Ireland slaps Facebook with $19M fine over 2018 data breaches

The complaint refers to the company's handling of 12 data breaches that occurred in 2018.
Facebook's Meta logo. (Photo illustration by Chesnot/Getty Images)

Ireland’s Data Protection Commission on Tuesday issued a roughly $18.6 million fine against Facebook owner Meta related to how it handled European Union user data in the wake of 12 different breaches in 2018.

The decision found that Meta failed to properly demonstrate its compliance with the General Data Protection Regulation, which dictates data protection and privacy in the EU.

The decision doesn’t list the 12 breaches cited in the complaint, but the series of security flubs that year is well documented. A widespread security breach in October 2018 allowed hackers to steal tokens granting access to the profiles of 30 million users. Another bug exposed nearly 7 million users’ photos to developers for roughly 12 days in September 2018.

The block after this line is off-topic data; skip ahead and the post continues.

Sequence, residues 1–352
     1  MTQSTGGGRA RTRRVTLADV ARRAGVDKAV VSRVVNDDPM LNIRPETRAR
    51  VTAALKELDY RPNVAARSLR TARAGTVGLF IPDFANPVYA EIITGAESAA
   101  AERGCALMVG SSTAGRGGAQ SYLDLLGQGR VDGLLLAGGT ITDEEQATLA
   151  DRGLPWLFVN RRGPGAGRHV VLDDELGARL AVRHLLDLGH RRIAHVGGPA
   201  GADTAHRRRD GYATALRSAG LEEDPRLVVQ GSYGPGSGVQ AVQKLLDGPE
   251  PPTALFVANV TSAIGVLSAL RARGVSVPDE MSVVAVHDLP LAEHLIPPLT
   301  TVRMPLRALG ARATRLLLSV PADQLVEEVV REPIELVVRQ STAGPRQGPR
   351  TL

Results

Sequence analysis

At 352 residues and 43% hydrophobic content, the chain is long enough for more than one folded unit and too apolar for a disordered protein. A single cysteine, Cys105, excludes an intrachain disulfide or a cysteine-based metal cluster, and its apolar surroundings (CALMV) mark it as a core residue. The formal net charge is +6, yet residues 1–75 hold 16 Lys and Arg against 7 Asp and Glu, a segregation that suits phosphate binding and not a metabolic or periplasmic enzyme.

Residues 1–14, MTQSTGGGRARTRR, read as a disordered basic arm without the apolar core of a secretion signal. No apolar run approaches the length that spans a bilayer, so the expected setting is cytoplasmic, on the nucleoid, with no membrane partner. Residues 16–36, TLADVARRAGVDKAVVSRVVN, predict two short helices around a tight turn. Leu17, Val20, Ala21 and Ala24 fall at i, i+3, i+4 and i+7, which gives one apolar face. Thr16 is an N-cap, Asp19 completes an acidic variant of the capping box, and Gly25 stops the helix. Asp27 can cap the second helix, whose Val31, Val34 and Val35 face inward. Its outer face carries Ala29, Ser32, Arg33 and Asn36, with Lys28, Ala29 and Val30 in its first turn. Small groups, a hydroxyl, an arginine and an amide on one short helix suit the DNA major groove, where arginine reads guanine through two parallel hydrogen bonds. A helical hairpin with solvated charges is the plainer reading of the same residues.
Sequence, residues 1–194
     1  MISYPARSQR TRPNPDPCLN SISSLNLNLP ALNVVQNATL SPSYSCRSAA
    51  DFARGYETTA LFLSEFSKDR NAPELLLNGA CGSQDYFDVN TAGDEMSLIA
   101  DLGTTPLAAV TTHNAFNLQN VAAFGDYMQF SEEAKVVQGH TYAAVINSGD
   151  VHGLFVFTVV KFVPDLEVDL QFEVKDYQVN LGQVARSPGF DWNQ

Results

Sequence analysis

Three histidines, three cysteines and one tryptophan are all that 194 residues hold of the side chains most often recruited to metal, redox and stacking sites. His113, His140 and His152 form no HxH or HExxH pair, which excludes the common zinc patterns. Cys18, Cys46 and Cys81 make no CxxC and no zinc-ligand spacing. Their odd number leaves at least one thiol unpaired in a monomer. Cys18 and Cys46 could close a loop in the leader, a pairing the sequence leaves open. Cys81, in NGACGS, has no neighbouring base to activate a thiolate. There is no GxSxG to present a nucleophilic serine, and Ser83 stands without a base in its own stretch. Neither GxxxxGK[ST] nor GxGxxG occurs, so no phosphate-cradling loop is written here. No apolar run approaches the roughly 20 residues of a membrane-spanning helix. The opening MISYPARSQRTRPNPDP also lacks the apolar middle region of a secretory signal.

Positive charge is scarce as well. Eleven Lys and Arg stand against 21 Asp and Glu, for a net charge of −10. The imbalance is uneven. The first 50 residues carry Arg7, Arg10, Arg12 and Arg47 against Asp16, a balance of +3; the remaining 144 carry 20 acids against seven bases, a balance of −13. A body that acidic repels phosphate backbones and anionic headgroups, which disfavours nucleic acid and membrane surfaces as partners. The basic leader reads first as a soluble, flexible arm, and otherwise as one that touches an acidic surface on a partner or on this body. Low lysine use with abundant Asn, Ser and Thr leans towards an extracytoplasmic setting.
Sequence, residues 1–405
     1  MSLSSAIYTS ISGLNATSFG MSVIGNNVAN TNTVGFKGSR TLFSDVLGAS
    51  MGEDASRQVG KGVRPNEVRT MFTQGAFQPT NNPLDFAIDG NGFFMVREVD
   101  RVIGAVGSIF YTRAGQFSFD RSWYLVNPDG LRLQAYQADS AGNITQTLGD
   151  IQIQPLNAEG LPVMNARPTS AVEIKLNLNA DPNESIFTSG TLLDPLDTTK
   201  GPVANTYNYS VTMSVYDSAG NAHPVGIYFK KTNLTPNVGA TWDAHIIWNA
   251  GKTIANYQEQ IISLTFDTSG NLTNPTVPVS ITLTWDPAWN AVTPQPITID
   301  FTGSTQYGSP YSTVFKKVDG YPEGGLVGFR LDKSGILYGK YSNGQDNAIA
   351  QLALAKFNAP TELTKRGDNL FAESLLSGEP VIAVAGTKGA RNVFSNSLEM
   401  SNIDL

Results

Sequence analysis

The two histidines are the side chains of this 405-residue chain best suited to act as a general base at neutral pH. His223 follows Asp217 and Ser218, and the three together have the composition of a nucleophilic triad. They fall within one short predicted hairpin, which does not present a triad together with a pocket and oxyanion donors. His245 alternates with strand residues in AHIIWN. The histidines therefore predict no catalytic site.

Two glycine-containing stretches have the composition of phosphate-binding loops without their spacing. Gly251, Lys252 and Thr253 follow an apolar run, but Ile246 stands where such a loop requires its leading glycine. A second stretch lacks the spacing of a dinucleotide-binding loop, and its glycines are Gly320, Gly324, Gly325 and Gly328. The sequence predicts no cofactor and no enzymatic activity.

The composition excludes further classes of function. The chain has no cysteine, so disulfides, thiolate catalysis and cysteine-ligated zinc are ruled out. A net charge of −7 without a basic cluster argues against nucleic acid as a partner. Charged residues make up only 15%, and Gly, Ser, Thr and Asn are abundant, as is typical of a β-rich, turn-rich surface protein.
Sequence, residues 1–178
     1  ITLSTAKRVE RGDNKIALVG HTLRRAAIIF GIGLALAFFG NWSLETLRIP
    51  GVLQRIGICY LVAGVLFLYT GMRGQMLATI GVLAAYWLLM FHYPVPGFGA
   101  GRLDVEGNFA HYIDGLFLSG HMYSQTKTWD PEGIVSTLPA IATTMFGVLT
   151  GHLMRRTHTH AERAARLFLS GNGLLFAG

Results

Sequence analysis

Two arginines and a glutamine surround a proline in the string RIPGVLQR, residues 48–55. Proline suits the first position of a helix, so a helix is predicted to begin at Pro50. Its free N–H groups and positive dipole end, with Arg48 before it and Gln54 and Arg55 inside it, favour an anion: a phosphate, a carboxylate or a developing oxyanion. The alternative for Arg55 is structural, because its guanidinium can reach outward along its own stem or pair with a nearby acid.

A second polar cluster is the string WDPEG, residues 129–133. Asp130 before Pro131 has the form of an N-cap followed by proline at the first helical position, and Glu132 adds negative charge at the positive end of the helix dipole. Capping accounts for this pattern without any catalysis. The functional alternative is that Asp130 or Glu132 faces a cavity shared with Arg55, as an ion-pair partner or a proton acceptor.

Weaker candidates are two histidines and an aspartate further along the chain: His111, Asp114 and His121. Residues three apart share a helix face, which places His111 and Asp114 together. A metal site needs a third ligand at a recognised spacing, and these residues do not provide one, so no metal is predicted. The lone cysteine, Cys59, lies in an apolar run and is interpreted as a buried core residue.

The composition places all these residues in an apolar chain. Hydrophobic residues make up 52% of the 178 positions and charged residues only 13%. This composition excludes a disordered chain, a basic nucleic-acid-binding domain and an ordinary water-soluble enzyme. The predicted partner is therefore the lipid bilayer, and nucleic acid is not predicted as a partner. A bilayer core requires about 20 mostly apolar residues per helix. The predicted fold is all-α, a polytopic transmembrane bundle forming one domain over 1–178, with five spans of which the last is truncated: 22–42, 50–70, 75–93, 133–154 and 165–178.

“This fine is about record keeping practices from 2018 that we have since updated, not a failure to protect people’s information,” a Meta spokesperson told CyberScoop in an email. “We take our obligations under the GDPR seriously, and will carefully consider this decision as our processes continue to evolve.”


The Irish regulator previously fined Meta’s WhatsApp messenger for approximately $267 million in September for failing to provide users with enough information about what data it shared with other Meta companies.

Tonya Riley

Written by Tonya Riley

Tonya Riley covers privacy, surveillance and cryptocurrency for CyberScoop News. She previously wrote the Cybersecurity 202 newsletter for The Washington Post and before that worked as a fellow at Mother Jones magazine. Her work has appeared in Wired, CNBC, Esquire and other outlets. She received a BA in history from Brown University. You can reach Tonya with sensitive tips on Signal at 202-643-0931. PR pitches to Signal will be ignored and should be sent via email.

Latest Podcasts